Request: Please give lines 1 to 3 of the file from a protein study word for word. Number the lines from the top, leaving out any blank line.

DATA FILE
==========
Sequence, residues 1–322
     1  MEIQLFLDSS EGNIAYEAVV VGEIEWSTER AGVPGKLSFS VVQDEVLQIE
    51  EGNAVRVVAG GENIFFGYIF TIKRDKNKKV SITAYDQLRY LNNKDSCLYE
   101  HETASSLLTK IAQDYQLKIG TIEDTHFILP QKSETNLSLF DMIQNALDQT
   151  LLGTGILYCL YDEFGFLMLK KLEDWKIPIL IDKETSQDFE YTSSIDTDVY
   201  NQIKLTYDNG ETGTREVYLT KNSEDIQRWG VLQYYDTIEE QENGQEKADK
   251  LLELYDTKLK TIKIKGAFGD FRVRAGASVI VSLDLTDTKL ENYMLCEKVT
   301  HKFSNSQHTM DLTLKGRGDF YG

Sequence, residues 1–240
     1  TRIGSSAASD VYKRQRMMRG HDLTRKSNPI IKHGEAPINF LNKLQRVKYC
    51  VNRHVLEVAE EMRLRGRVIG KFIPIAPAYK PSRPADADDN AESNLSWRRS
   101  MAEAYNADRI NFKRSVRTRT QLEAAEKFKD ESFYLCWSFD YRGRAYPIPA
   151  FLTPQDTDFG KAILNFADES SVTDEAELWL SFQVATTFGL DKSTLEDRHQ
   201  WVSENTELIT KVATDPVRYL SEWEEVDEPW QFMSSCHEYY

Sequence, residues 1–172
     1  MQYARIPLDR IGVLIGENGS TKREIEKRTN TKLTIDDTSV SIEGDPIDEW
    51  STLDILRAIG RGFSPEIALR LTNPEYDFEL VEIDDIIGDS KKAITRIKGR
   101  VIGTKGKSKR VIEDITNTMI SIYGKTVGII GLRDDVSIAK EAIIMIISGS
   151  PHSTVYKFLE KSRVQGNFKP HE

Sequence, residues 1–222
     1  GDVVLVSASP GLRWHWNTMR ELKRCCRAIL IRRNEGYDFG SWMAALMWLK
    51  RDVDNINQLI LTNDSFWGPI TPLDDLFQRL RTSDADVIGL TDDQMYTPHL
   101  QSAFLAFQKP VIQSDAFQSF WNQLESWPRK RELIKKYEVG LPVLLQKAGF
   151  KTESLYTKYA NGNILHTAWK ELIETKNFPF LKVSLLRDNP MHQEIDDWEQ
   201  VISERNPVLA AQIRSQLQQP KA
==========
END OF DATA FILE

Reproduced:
Sequence, residues 1–322
     1  MEIQLFLDSS EGNIAYEAVV VGEIEWSTER AGVPGKLSFS VVQDEVLQIE
    51  EGNAVRVVAG GENIFFGYIF TIKRDKNKKV SITAYDQLRY LNNKDSCLYE